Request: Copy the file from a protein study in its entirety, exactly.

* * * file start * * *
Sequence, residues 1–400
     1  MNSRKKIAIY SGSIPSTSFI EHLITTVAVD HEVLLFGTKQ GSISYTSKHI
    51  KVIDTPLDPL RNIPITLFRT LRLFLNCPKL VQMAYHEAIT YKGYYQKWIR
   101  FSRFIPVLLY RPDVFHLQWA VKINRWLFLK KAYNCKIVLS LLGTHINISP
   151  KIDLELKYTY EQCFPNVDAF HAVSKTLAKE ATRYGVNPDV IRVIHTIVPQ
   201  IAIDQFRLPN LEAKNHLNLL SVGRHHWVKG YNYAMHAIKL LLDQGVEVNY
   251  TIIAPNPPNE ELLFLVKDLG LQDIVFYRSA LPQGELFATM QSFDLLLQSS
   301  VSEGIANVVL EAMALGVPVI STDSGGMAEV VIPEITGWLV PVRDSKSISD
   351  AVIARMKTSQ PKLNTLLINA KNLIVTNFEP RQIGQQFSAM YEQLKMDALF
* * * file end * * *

Sequence, residues 1–400
     1  MNSRKKIAIY SGSIPSTSFI EHLITTVAVD HEVLLFGTKQ GSISYTSKHI
    51  KVIDTPLDPL RNIPITLFRT LRLFLNCPKL VQMAYHEAIT YKGYYQKWIR
   101  FSRFIPVLLY RPDVFHLQWA VKINRWLFLK KAYNCKIVLS LLGTHINISP
   151  KIDLELKYTY EQCFPNVDAF HAVSKTLAKE ATRYGVNPDV IRVIHTIVPQ
   201  IAIDQFRLPN LEAKNHLNLL SVGRHHWVKG YNYAMHAIKL LLDQGVEVNY
   251  TIIAPNPPNE ELLFLVKDLG LQDIVFYRSA LPQGELFATM QSFDLLLQSS
   301  VSEGIANVVL EAMALGVPVI STDSGGMAEV VIPEITGWLV PVRDSKSISD
   351  AVIARMKTSQ PKLNTLLINA KNLIVTNFEP RQIGQQFSAM YEQLKMDALF